Samsung revealed at CES that yet another member is coming soon to its Galaxy Tab family: the Galaxy Tab 7.7. During our tour of Samsung’s booth today, we got to spend some time with the device, which will be available on Verizon’s 4G LTE network at launch, and saw what it had to offer.
The first thing you notice with the Galaxy Tab 7.7 is that it’s remarkably slim. At 7.9mm thin (less than half an inch) and only 340 grams (roughly 12 ounces), the Tab 7.7 can be held comfortably with one hand, much like its predecessor, the 7.0 Plus. All of its buttons and ports are pretty standard, including a headphone jack, a power/standby button, a SIM card slot, a microSD card slot (expandable up to 32GB), and a proprietary jack. I would have liked to see the addition of USB or HDMI ports, but I guess that wasn’t in the cards for the Tab 7.7. Other specs include a 1.4 GHz dual-core processor, wireless hotspot capabilities, a 3-megapixel rear-facing camera, a 2-megapixel front-facing camera, and 16GB of built-in storage.
On the slightly more unusual side — though perhaps not too surprising to those familiar with the Samsung Galaxy Tab 7.0 Plus, which also had this feature — the Tab 7.7 features on IR blaster on one of its sides, allowing it to be used as a universal remote via the pre-loaded Peel app. Depending on what devices you sync with the app, you can not only channel surf and browse TV shows by time or category, you can also program DVR recordings.
But the real attraction of the Tab 7.7 is its beautiful Super AMOLED Plus, 1280 x 800 display. I’ve raved about Super AMOLED displays before in the context of smartphones and believed them to be peerless, but Super AMOLED Plus is even better, albeit only by a small margin. Though not quite as shockingly bright as Super AMOLEDs on some smartphones, the Super AMOLED Plus display on the Tab 7.7 has excellent contrast, a wide viewing angle, and crisp, vibrant colors with excellent saturation. It was also very easy on the eyes when I was reading the text on web pages while browsing.
I was a little disappointed to see, however, that the Tab 7.7 was running Android Honeycomb 3.2. When I asked Samsung reps whether it will be upgradeable to Ice Cream Sandwich, they all said that nothing had been confirmed yet regarding ICS updates or models of the Tab 7.7. Equally unfortunate was that he said the same goes for Wi-Fi only models; at this time, Samsung has made no official announcement regarding their release.
For now, the only officially planned release is the Verizon 4G LTE model, which I personally think is going to be a problem for its price point. At $400, the 7.0 Plus was far too expensive for what it was, and that was a Wi-Fi only model. Pricing has yet to be announced for the Tab 7.7, but if it’s only going to be available in the 4G variety, it’s probably not going to be too appealing.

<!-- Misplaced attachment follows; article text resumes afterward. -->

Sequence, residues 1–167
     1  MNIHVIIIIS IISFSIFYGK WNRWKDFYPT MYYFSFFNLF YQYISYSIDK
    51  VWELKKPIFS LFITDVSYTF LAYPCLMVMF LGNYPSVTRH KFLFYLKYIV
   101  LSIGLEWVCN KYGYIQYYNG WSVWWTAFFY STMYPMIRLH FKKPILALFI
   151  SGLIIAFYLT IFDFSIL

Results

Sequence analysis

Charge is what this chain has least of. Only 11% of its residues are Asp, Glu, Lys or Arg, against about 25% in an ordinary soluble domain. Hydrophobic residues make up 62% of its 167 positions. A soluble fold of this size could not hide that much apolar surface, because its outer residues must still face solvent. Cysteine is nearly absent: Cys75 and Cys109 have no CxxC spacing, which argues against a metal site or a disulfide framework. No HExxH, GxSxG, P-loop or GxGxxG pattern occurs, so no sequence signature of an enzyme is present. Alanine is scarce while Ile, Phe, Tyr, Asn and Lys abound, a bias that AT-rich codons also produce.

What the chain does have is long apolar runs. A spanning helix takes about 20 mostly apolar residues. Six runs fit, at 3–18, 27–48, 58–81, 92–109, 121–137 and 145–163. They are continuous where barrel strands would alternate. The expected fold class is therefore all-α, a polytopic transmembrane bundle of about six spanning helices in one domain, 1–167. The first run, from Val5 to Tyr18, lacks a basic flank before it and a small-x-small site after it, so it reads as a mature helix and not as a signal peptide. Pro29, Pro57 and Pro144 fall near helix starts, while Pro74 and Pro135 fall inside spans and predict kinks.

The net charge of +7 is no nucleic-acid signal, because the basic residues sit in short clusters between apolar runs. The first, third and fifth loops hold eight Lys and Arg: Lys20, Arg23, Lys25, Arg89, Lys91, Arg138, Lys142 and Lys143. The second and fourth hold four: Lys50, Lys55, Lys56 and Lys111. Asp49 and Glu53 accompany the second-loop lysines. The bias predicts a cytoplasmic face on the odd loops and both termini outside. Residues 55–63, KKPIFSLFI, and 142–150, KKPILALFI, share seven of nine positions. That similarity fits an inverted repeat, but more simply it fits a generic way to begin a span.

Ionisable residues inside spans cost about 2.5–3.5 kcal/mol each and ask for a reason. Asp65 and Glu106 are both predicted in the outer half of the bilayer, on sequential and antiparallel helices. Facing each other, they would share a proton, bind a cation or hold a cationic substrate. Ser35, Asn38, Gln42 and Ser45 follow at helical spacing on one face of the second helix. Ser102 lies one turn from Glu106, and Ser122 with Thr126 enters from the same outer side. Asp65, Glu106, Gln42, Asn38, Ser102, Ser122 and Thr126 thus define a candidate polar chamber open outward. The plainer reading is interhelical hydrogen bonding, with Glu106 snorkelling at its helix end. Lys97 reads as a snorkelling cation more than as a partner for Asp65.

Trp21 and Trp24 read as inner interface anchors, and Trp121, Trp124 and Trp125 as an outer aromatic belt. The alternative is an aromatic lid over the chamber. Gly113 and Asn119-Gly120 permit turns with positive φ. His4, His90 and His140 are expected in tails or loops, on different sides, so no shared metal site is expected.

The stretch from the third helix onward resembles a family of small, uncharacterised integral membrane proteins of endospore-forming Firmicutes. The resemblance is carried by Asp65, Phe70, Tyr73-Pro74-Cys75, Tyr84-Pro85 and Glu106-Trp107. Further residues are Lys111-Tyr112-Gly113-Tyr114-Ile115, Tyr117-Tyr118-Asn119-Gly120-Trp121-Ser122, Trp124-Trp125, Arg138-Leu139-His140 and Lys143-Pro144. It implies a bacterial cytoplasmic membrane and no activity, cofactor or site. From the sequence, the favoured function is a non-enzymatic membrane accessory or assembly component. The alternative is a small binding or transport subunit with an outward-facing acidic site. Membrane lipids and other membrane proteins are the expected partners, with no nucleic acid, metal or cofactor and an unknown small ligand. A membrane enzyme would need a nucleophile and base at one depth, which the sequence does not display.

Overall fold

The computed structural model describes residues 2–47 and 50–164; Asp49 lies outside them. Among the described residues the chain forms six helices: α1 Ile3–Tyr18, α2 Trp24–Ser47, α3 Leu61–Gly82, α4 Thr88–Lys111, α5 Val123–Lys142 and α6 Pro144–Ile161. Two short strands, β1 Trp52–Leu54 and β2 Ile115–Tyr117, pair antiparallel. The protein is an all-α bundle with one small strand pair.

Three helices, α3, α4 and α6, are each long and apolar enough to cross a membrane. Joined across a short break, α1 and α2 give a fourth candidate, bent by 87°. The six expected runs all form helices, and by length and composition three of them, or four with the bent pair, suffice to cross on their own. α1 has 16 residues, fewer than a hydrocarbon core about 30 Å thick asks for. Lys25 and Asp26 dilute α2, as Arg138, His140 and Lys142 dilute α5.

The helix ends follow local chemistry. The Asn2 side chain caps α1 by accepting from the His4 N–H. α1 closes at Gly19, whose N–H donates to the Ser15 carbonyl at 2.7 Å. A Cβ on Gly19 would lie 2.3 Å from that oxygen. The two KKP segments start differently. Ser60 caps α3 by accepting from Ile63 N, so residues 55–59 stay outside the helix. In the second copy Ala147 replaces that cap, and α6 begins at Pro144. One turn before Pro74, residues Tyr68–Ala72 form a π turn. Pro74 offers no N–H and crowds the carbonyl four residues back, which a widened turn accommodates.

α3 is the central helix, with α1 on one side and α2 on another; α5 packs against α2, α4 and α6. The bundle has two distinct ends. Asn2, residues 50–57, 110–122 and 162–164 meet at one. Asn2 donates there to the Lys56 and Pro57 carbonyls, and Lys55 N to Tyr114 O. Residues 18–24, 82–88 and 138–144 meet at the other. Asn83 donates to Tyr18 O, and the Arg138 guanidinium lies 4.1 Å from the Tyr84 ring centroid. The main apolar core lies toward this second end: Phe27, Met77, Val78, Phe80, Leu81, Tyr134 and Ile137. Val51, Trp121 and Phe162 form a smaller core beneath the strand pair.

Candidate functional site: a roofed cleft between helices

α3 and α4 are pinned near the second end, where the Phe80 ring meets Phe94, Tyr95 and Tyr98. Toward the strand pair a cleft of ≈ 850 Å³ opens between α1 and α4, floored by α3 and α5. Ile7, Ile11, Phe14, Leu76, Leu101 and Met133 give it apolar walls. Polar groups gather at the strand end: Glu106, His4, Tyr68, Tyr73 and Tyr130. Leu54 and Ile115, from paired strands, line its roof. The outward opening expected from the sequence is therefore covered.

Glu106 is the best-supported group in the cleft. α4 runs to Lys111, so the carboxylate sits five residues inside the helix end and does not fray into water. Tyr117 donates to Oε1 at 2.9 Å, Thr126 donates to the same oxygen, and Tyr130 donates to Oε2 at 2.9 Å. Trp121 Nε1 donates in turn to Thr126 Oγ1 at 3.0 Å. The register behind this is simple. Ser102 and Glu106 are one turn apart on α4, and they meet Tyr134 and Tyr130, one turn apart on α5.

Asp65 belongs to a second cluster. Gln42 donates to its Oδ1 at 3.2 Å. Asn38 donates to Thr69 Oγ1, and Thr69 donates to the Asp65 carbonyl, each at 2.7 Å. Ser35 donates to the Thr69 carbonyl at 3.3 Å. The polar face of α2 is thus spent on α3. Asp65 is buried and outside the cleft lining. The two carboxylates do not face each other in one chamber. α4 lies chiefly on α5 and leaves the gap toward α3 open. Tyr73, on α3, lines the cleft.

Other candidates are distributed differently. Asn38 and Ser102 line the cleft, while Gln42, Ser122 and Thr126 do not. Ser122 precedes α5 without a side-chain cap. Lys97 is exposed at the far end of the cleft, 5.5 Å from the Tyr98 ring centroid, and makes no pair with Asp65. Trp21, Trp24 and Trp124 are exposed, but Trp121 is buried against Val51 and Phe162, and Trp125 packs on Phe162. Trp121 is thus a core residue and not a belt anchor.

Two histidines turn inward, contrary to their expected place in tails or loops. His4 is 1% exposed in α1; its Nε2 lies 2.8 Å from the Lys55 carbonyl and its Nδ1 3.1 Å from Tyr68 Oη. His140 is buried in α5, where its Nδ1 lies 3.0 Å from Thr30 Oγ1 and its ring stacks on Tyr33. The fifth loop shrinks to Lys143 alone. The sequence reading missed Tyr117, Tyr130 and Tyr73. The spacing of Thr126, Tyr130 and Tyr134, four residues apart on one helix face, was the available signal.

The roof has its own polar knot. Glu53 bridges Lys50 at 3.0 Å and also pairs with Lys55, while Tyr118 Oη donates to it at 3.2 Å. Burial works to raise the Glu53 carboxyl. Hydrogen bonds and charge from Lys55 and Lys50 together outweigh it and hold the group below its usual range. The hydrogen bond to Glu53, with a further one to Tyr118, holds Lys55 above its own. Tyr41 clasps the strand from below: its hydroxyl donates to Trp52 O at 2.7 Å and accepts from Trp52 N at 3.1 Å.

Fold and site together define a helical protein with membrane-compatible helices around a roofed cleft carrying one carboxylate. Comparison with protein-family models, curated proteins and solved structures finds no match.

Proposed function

The interface was pretty familiar given that it was just Honeycomb with Samsung’s TouchWiz UI, which has been used on previous tablets and is generally unobtrusive. In all, aside from the excellent display and slimmed down profile, the Tab 7.7 was starting to look pretty familiar, especially considering that there was only 0.7 inches between its screen size and that of its predecessor. So I asked reps why Samsung decided to go for this particular form factor, considering that the difference between this device and the 7.0 Plus is a seemingly minute 0.7 inches.
Initially, I heard speculation regarding the possibility of the extra 0.7 inches allowing for the Super AMOLED Plus technology, but coudn’t get confirmation.
The Samsung company line is that yet another form factor in its line of tablets — the total lineup now includes a 10.1-inch tablet, an 8.9-inch tablet, a 7.7-inch tablet, and two 7-inch tablets — is a service to its customers. “We’re all about fulfilling every customer’s needs,” said one show floor demonstrater. “We’re not a one-stop shop like our competition, where they only have one size available.”
Aside from the unprecedented 7.7-inch form factor, another somewhat unique element that I found on the Galaxy Tab 7.7 was that it has Wi-Fi Direct capability, a feature that is rarely available on tablets (though I do believe it was on the 7.0 Plus). Wi-Fi Direct allows you to connect directly to other devices via an ad-hoc Wi-Fi network, so you can, for instance, wireless transfer files between the tablet and your computer or send files to a wireless-enabled printer.
Impressive, But Not a Game Changer
I walked away from the Tab 7.7 impressed by its display and how comfortable its form factor was, but ultimately it’s not a ground-breaking device. I said the same thing about the 7.0 Plus: great screen, great form factor, nothing particularly unique, but certainly reliable. So here we are again: the Tab 7.7 is a solid, powerful tablet with a great display (admittedly a step up from the 7.0 Plus) that seems to have very little flaws, but it also doesn’t take any risks. It doesn’t have any standout features beyond the brilliant display and with that in mind, you’re dealing with a somewhat plain Honeycomb tablet that’s probably going to run you upwards of $400 whenever it’s released — Samsung does not currently have that information available — and that may be too high of an asking price.